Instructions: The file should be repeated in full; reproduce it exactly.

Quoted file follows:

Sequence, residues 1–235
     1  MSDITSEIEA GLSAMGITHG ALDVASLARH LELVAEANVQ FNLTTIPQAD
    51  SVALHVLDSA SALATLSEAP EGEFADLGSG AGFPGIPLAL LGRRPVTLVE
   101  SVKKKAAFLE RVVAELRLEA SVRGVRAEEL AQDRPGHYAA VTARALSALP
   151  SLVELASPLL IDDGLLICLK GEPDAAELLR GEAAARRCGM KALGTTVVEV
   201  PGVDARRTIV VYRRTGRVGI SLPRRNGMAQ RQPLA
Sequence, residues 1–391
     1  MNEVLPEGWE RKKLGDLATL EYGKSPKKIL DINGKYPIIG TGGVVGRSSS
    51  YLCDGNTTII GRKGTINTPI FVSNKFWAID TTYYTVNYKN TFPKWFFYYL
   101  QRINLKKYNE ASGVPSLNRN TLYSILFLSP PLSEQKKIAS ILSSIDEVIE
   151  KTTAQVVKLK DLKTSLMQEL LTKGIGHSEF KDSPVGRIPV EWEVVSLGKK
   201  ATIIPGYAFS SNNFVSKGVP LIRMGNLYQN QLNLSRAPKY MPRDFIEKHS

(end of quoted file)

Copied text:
Sequence, residues 1–235
     1  MSDITSEIEA GLSAMGITHG ALDVASLARH LELVAEANVQ FNLTTIPQAD
    51  SVALHVLDSA SALATLSEAP EGEFADLGSG AGFPGIPLAL LGRRPVTLVE
   101  SVKKKAAFLE RVVAELRLEA SVRGVRAEEL AQDRPGHYAA VTARALSALP
   151  SLVELASPLL IDDGLLICLK GEPDAAELLR GEAAARRCGM KALGTTVVEV
   201  PGVDARRTIV VYRRTGRVGI SLPRRNGMAQ RQPLA
Sequence, residues 1–391
     1  MNEVLPEGWE RKKLGDLATL EYGKSPKKIL DINGKYPIIG TGGVVGRSSS
    51  YLCDGNTTII GRKGTINTPI FVSNKFWAID TTYYTVNYKN TFPKWFFYYL
   101  QRINLKKYNE ASGVPSLNRN TLYSILFLSP PLSEQKKIAS ILSSIDEVIE
   151  KTTAQVVKLK DLKTSLMQEL LTKGIGHSEF KDSPVGRIPV EWEVVSLGKK
   201  ATIIPGYAFS SNNFVSKGVP LIRMGNLYQN QLNLSRAPKY MPRDFIEKHS